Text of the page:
Ergonomic, idiomatic Rust and error handling?

Update: 11th June, 1017: See summary at bottom of post As I learn to program in Rust I'm constantly struck by how is' a C like language. You write code in a C-like fashion, but the language, and the libraries don't seem to encourage that approach. If anything, it seems to steer the naive beginner, like myself, towards a more functional style of programming. Is this intentional? write code in a a In

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Fighting Rust; or immutability, borrowing and lifetimes

So I've decided to learn Rust. Rust is a 'systems' programming language, which essentially means a language designed for writing code. A bit circular as definitions go, so lets see what Wikipedia has to say on it: code. A bit circular as definitions go, so lets see what Wikipedia has to say on it: Not useful either. If we follow the link then we actually get to the more important bit: useful either. If we follow the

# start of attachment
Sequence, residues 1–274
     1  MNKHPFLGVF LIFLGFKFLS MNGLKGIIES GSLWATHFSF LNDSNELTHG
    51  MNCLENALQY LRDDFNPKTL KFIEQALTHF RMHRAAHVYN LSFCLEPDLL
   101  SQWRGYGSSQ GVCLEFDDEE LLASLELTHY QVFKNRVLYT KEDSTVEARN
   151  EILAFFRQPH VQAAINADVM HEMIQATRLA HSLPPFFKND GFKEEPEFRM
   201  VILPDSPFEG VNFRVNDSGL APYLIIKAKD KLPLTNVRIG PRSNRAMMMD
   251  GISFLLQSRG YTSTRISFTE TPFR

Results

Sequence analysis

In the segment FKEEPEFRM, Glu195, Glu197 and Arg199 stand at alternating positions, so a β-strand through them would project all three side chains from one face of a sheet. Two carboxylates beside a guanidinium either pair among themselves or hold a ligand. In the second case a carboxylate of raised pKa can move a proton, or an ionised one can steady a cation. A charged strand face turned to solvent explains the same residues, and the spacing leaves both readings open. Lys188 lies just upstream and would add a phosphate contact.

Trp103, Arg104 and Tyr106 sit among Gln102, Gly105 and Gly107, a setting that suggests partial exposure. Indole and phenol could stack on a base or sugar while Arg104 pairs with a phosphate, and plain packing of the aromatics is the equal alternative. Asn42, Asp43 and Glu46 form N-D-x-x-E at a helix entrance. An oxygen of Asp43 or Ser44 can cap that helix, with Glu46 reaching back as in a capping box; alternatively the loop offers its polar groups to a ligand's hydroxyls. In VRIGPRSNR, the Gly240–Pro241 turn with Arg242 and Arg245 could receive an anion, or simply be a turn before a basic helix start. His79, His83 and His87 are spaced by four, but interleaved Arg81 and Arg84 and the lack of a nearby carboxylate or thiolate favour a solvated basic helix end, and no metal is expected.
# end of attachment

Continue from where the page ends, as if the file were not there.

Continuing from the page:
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The perfect Tiling Window Manager (for me)?

Window managers are a very, very personal thing. If you don't know what a is, then this probably isn't the place to start. Wikipedia is always useful for a pretty thorough explanation. is, then this probably isn't the place to start. Wikipedia is always useful for a pretty thorough explanation. I've been on the hunt for the perfect tiling window manager. I like tiling window managers because they take (most) of the thought Currently,

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Living with the 6800k + rx 480 (still waiting for Vega)

If you've been reading the other posts in this series, you'll know I waiting for the AMD Ryzen and the AMD Vega GPU. The Ryzen came out, but it had (the usual) teething problems, and as the new desktop is supposed to be my work machine, I eventually decided to go with the 2 year old X99 platform and a 6800k CPU. It was (on paper) slower that the equivalent waiting

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